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Last Week in Kubernetes Development

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Week Ending March 10, 2024

Developer News

Kubernetes Contributor Summit EU is happening next Tuesday, March 19, 2024. Make sure to register by March 15. If you want to bring a family member to social send an email to summit-team@kubernetes.io. We’re eagerly looking forward to receiving your contributions to the unconference topics.

Also, don’t forget to help your SIG staff its table at the Kubernetes Meet and Greet on Kubecon Friday.

Take a peek at the upcoming Kubernetes v1.30 Release in this Blog.

Release Schedule

Next Deadline: Draft Doc PRs, Mar 12th

Kubernetes v1.30.0-beta.0 is live!

Your SIG should be working on any feature blogs, and discussing what “themes” to feature in the Release Notes.

#123516: DRA: structured parameters

DRA, or Dynamic Resource Allocation, is a way to bridge new types of schedulable resources into Kubernetes. A common example of this is GPU accelerator cards but the system is built as generically as possible. Maybe you want to schedule based on cooling capacity, or cash register hardware, or nearby interns, it’s up to you. DRA launched as an alpha feature back in 1.26 but came with some hard limitations. Notably the bespoke logic for simulating scale ups and scale downs in cluster-autoscaler had no way to understand how those would interact with these opaque resources. This PR pulls back the veil a tiny bit, keeping things generic but allowing more forms of structured interaction so core tools like the scheduler and autoscalers can understand dynamic resources.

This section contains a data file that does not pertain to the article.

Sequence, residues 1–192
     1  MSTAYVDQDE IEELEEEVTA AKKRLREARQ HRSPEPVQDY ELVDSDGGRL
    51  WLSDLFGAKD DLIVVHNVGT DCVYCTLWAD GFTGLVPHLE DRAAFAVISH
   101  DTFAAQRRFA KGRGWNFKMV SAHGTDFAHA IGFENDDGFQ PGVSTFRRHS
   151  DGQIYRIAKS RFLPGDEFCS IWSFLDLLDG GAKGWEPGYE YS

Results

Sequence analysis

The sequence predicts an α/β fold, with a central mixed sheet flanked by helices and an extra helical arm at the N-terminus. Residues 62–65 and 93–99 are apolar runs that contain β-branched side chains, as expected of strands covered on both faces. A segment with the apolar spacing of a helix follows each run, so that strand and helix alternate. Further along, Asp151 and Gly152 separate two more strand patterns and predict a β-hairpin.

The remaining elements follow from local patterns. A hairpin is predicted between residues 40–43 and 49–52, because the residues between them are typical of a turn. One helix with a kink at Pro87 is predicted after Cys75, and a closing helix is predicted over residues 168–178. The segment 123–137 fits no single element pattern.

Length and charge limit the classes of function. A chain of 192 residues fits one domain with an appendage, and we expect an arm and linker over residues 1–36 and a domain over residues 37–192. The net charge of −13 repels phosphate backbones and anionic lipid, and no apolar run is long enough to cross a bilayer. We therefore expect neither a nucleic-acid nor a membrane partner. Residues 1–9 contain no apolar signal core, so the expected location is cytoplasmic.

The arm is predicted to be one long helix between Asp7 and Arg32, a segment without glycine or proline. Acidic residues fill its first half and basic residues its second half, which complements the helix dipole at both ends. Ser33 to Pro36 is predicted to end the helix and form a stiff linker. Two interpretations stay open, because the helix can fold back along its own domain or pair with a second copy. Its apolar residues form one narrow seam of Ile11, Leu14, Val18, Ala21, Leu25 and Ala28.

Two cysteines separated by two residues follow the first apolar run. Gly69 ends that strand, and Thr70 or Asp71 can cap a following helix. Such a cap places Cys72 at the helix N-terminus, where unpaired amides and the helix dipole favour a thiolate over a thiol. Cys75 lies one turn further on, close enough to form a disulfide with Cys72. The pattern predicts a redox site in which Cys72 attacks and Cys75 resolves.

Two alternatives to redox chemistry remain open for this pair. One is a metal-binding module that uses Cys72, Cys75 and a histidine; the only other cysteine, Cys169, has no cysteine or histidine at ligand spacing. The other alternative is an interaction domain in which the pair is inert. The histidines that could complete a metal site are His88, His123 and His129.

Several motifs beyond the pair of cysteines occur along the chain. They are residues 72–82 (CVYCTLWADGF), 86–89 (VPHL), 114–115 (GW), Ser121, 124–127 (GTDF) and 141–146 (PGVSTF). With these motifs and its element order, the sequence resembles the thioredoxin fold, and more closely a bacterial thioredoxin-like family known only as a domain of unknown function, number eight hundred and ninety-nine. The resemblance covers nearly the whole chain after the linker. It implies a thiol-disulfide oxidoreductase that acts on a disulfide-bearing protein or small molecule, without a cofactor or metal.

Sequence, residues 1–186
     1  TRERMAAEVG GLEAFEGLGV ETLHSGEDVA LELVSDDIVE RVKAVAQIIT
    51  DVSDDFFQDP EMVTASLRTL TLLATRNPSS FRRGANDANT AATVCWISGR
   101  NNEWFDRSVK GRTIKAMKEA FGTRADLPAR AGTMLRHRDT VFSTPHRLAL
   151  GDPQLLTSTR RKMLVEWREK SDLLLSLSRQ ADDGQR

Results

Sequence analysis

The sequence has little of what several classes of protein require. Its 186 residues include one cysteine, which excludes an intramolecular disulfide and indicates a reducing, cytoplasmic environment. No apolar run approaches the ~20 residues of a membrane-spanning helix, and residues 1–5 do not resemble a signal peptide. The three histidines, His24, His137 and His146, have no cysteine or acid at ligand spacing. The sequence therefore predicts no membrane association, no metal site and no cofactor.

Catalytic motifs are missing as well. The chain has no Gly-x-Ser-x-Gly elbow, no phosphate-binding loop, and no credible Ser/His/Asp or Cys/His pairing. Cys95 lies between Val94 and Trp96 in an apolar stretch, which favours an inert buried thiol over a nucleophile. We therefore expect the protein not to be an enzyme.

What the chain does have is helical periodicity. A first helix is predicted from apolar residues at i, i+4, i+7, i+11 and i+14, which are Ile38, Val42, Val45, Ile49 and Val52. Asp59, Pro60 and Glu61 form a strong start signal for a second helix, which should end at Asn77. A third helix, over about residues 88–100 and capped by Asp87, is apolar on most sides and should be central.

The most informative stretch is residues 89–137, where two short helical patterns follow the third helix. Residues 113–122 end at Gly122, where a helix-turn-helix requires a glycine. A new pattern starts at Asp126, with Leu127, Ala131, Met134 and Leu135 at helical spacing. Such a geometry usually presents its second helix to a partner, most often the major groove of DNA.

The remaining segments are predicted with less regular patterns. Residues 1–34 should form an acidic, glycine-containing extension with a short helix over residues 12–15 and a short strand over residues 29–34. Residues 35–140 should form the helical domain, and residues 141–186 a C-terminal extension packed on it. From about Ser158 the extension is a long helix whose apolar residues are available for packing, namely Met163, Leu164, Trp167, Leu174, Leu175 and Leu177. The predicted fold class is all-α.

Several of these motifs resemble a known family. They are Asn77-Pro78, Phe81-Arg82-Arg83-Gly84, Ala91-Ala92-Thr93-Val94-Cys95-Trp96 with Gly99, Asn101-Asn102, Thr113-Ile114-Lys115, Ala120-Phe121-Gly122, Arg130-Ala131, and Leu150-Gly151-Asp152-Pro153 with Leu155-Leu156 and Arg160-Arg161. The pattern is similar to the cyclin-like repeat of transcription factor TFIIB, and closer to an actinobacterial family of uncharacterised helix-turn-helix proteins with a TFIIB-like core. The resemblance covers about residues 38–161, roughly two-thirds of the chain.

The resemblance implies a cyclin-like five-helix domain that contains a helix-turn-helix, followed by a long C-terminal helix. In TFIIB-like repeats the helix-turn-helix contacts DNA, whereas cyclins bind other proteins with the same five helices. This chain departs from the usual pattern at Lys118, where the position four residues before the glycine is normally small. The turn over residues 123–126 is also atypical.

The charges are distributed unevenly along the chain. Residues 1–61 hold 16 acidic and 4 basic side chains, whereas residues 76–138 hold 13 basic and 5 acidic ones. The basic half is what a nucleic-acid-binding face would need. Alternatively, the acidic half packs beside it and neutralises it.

This happens from a few directions. First, on the node itself a DRA driver plugin provides information about what is available locally, which the kubelet publishes as a NodeResourceSlice object. In parallel, an operator component from the DRA implementation creates ResourceClaimParameters as needed to describe a particular resource claim. The claim parameters include CEL selector expressions for each piece of the claim, allowing anything which can evaluate CEL to check them independently of the DRA plugin. These two new objects combine with the existing ResourceClaim object to allow bidirectional communication between Kubernetes components and the DRA plugin without either side needing to wait for the other in most operations.

While this does increase the implementation complexity of a new DRA provider, it also dramatically expands their capabilities. New resources can be managed with effectively zero overhead and without the even greater complexity of custom schedulers or a plugin-driven autoscaler.

KEP of the Week

KEP-647: APIServer Tracing

This KEP proposes to update the kube-apiserver to allow tracing requests. This is proposed to be done with OpenTelemetry libraries and the data will be exported in the OpenTelemetry format. The kube-apiserver currently uses kubernetes/utils/trace for tracing, but we can make use of distributed tracing to improve ease of use and to make analysis of the data easier. The proposed implementation involves wrapping the API Server’s http server and http clients with otelhttp.

This KEP is tracked to graduate to stable in the upcoming v1.30 release.

Other Merges


Version Updates

Subprojects and Dependency Updates

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